The 1 using class is the modern style. :spiral_calendar:

Seems like they end up using the current style in order to avoid the pain of teaching students how to extend a class via the old approach. :stuck_out_tongue:

1 Like

Thanks, I have to review what the difference is. Maybe you can briefly explain the advantage. I have most of my variables properly encapsulated, so maybe it’s an easy change. Another question I had for the professor, which he really didn’t answer sufficiently is why this does not work:

class CellStar extends Cell {

  constructor(colID, rowID, resY, resX, cellSize) {
    super(colID, rowID, resY, resX, cellSize)

    //black hole colors
  	this.colorArray = [ color(245,188,206), //pink
  								      color(26,46,171), //blue
  								      color(135,206,250), //cornflower blue
  								      color(51,17,82), //purple
  							        color(214,133,176) ]; //magenta

    var x = "testing";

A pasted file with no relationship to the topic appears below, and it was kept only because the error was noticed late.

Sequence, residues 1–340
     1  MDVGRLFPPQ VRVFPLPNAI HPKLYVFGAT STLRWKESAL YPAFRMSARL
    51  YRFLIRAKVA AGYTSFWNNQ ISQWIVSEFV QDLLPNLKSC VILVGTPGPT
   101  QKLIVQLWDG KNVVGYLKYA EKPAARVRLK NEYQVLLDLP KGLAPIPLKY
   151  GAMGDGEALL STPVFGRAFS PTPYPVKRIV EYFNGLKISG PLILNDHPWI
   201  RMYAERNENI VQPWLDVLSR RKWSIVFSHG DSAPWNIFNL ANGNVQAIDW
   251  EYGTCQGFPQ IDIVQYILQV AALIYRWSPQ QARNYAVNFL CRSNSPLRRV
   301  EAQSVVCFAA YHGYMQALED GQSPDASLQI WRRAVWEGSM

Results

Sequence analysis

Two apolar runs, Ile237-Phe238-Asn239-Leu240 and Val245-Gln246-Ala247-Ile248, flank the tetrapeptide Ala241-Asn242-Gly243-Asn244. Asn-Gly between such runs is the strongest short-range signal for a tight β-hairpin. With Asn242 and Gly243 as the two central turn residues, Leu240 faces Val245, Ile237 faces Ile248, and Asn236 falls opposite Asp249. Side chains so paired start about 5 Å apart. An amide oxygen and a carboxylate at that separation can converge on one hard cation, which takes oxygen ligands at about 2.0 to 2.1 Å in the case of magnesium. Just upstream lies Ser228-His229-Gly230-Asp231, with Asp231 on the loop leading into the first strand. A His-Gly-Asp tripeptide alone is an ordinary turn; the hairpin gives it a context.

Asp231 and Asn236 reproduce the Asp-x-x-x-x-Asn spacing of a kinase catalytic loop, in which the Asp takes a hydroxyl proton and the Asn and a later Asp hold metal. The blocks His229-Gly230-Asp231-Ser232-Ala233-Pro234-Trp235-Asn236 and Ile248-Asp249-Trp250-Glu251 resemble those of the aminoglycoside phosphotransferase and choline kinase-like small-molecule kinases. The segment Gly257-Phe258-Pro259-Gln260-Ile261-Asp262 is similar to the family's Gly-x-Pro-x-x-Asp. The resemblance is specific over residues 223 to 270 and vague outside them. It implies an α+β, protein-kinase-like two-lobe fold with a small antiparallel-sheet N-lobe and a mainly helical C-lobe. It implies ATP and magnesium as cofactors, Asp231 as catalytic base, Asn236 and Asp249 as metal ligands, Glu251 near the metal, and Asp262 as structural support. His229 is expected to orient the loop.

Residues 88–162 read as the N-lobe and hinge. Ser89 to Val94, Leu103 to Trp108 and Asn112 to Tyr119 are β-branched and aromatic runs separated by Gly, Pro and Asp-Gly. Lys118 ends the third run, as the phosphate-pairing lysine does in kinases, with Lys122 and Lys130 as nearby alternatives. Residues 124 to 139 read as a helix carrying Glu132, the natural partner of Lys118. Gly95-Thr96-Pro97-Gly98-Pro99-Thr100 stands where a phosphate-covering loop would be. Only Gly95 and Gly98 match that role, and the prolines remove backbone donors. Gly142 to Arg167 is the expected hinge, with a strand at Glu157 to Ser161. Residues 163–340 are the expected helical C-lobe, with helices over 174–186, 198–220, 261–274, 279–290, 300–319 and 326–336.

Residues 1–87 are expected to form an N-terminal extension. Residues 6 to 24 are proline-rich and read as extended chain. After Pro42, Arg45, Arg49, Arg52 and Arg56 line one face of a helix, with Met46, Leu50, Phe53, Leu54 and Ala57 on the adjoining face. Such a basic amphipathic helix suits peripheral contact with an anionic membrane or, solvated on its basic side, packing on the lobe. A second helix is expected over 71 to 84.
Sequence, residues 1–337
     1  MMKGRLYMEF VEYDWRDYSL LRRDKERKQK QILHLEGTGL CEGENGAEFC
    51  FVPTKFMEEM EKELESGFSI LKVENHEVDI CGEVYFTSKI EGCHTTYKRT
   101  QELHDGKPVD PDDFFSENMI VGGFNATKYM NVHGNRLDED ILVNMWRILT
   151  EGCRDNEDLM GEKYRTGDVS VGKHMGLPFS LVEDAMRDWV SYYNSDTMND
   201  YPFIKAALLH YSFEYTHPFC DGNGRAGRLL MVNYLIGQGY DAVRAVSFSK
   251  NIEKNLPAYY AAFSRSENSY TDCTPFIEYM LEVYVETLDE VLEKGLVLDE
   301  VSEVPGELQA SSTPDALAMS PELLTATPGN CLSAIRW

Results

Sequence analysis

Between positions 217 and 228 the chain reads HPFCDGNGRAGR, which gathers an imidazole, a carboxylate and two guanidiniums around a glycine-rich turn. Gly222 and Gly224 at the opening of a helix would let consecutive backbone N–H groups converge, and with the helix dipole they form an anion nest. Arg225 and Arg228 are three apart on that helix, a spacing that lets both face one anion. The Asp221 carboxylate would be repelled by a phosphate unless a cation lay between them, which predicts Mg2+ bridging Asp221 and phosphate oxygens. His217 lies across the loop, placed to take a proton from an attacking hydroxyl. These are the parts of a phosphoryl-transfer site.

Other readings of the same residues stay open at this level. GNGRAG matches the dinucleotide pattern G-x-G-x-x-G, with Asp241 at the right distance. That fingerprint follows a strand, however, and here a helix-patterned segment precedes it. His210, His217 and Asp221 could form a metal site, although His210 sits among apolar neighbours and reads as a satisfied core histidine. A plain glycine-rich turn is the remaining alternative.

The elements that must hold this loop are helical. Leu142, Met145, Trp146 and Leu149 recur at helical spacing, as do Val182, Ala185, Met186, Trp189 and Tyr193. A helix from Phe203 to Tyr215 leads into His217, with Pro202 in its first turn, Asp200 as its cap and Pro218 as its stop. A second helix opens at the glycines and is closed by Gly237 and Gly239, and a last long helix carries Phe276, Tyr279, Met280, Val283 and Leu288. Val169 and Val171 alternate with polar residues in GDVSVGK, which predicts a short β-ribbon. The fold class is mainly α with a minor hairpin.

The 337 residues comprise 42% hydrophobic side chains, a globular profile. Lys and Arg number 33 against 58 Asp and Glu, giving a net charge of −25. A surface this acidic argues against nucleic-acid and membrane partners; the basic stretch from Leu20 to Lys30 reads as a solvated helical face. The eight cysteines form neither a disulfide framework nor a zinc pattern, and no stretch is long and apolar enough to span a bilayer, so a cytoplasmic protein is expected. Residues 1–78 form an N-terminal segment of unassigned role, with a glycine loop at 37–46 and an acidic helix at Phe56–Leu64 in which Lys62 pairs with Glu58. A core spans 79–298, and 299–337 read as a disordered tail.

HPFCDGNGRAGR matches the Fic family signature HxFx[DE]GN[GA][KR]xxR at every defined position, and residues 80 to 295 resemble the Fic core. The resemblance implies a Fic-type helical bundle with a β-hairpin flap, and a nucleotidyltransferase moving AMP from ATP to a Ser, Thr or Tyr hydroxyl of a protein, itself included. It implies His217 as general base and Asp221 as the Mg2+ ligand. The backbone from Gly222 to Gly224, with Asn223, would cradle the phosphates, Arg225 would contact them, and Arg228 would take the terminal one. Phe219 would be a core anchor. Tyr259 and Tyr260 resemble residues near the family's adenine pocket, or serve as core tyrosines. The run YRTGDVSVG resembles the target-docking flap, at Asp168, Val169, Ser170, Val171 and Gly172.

render() {

x is inaccessible. it is only accessible if it is declared as “this.x” in the extended class. maybe this ties in with the old method of declaration.

I also tried your blackhole.isAlive trick but it won’t work for me :frowning: . The reason being is that the blackholes are “birthed” out of a rather large grid, so it’s a lot of processing to check a dummy object like that. I think it might be more efficient to birth them and then check if it exists at all, because the birth rate is low vs. having a placeholder birthed at every cell in the grid. They also have to stay in this area of program because they are birthed behind some objects in other grid, which gives this really cool overlaid effect with the marching squares. If it was just birthing objects at a higher level like the main constructor, this is much simpler. What I was originally hoping is that I could just use something like .delete() or .remove() but I don’t think this exists for an object. I think in processing you can do something like that with arraylists, but not p5 from what I researched.